The grouping of the stories into what Kennedy calls a ‘narrative arc’ is uncontrived and gives the Contents pages the look of a poem with stanzas introduced thus: ‘That Sensuous Weight’ and ‘The Unbroken Trajectory of Falling’ book-ending seven sections in total. Beautiful.

Are they all love stories? That will be up to the reader to determine but I wasn’t sure about a few. ‘Is that what you call love?’ I asked myself. I was sometimes puzzled. Are all these stories Australian? Not necessarily in setting, so the Australian of the title perhaps relates more to authorship.

Minor quibbling. Let’s get to the nitty-gritty. Let’s look at some of these stories.

australian-love-stories-edited-by-cate-kennedy

I am going to start with my favourite. As I began to read Susan Midalia’s A BLAST OF A POEM, I felt my spine relax. Aah. This is the one I’d been waiting for.  Other readers will have a completely different aah moment I expect. ‘A Blast of a Poem’ starts off in a domestic setting with ‘creamy songs’ of ‘moons and stars and rivers’ and ‘one that made me shiver without knowing why’ (179) and with paragraphs beginning ‘When I was fourteen years old and gushingly romantic…’ (179) or ‘When I was twenty-four and my heart was shattered…’ (180). There are layers of love, set over yet more layers, gently and succinctly unfurling a life for us to see in all its sweetness, heartache and devotion. The story takes us from the undoing of a poem to primal sex, and to a few places in between. There are so many beautiful phrases and sentences and words I could offer you here as a sample.  I have chosen this one, not because it is necessarily the best, but because it gives you an idea of it all, without spoilers:

As the weeks became months and the months became years, my life began to feel like an old time movie, in which the leaves of a calendar are ripped off and tossed aside by some cruel, invisible hand. (185)

 

Here are some other standouts:

LOVER LIKE A TREE
J Anne deStaic’s haunting tale of addiction left me breathless. Here’s a man caught in ‘his own private storm’ (56), his veins like ‘wide highways painted blue’ (54). Here’s a woman who lays beside him watching him breathe. She remembers ‘the heat of his skin on hers when all that will fit between them is one layer of sweat’ (56). All the man wants is ‘morphine and a lover like a tree’ (58).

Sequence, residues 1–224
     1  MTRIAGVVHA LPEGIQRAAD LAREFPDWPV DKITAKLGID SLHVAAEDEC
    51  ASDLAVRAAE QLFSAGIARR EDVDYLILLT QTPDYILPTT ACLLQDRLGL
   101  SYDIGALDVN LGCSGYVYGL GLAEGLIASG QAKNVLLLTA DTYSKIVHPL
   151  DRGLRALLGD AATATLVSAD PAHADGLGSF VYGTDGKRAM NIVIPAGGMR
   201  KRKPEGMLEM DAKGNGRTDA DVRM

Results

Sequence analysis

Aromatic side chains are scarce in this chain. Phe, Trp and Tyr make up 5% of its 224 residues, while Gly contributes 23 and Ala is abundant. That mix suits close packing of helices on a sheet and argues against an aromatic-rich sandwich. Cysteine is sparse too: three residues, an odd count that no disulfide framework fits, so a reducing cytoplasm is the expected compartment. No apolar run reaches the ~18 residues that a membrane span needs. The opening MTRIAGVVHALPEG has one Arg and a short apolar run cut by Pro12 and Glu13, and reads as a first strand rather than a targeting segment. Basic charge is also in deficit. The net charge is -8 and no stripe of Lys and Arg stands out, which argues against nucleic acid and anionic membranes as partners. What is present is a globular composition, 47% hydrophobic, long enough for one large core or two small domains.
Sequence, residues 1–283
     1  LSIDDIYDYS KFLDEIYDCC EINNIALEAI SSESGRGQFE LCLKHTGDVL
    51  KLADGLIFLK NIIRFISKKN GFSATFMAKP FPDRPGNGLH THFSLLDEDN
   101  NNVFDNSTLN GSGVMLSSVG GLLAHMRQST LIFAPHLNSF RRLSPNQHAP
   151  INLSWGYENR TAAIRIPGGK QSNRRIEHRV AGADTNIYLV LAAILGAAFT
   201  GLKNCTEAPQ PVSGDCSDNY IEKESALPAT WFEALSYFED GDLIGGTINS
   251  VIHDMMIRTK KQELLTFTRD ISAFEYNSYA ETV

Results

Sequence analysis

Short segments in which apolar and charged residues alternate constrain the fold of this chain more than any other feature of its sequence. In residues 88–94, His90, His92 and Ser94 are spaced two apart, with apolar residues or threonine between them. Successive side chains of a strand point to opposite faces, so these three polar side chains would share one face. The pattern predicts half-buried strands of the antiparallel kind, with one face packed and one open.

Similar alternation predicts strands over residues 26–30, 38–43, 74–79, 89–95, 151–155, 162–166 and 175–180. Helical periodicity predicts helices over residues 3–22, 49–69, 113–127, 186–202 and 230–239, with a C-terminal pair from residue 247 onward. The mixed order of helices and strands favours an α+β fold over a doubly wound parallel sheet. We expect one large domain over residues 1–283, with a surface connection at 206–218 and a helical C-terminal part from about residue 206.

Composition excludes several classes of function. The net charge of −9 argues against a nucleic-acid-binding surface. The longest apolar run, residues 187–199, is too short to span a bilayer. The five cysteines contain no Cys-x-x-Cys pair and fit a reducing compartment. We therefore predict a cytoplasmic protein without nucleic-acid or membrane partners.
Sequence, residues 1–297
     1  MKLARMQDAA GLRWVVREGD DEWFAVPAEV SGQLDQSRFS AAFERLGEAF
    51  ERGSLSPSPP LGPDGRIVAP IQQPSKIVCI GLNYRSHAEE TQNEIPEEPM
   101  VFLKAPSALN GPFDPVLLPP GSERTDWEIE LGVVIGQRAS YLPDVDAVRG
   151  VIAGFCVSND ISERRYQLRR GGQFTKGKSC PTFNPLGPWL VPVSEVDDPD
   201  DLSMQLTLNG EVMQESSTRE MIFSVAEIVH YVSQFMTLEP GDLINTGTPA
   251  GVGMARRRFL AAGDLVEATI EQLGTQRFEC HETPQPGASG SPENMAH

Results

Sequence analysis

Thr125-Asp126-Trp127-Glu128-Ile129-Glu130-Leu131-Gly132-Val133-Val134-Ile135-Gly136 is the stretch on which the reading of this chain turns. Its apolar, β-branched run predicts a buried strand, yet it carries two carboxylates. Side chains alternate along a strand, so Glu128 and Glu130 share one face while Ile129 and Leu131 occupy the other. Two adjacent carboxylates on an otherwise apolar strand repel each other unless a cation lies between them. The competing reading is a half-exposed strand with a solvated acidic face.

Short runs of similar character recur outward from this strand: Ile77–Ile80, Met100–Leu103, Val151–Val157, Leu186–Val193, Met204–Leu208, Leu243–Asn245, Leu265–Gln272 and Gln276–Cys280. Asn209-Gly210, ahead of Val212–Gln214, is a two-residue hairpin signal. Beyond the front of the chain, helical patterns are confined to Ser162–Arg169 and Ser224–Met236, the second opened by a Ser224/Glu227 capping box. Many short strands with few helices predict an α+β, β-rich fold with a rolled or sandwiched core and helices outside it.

DAWN
Bruce Pascoe
allows the reader into the bed of the narrator and into the depths of his thoughts so that we can see beyond what may seem like simple, everyday actions, to the enormity of the emotion that propels them.

HAMMER ORCHID
Sally-Ann Jones
has given us a hint of star-crossed lovers of different shades. A ‘Ten Pound Pom’ (130) and an older Aboriginal farm hand. Love barely hinted at, barely understood. ‘Biscuits’ (as the farm hand is known) is cool and knowing; he’s warm and open, he’s understanding and closed. ‘Don’t look at me, kid,’ he tells her (136) when ‘she was sixteen and he was twenty-four’ (135). And much later when she goes to visit him, he warns her to stay away.  She tries to entice him into what she has always yearned for on the eve of her wedding. ‘It could be a wedding present,’ is her desperate enticement. ‘No’ is his succinct response (138-139). Sexy. Intriguing. Sad, in a way. But is it optimistic as well? Maybe.

THESE BONES
Allison Browning writes of mature weathered love. Enzo has dementia and the home is both alien and familiar. He wants to awake beside his partner Nev but time warps and memories waver and he is constantly distressed by the current self and the self of his dreams. ‘He is no longer the young man he was moments ago, without lines and the notations that time leaves.’ (224) But Nev still sees him through eyes of love: ‘He looks worn, his body deflated, but the essence of him fills the space somehow like the echo of laughter in a room’ (233).

A LITERARY LOVE STORY (memoir)
Catherine Bateson’s
entry (which I read as a letter to a younger self) gives a nod to the Bronte sisters and [French novelist] Colette and, as the title suggests, literary allusion and metaphor abound. ‘Once I woke with a French phrase clinging to my morning mouth, the only language for unrequited love.’ (21) Strangely though, it is wonderfully Australian.

MOSES OF THE FREEWAY
David Francis knows how to amuse. Gorgeously laugh-out-loud politically incorrect at almost every turn.   Can’t resist these quotes:-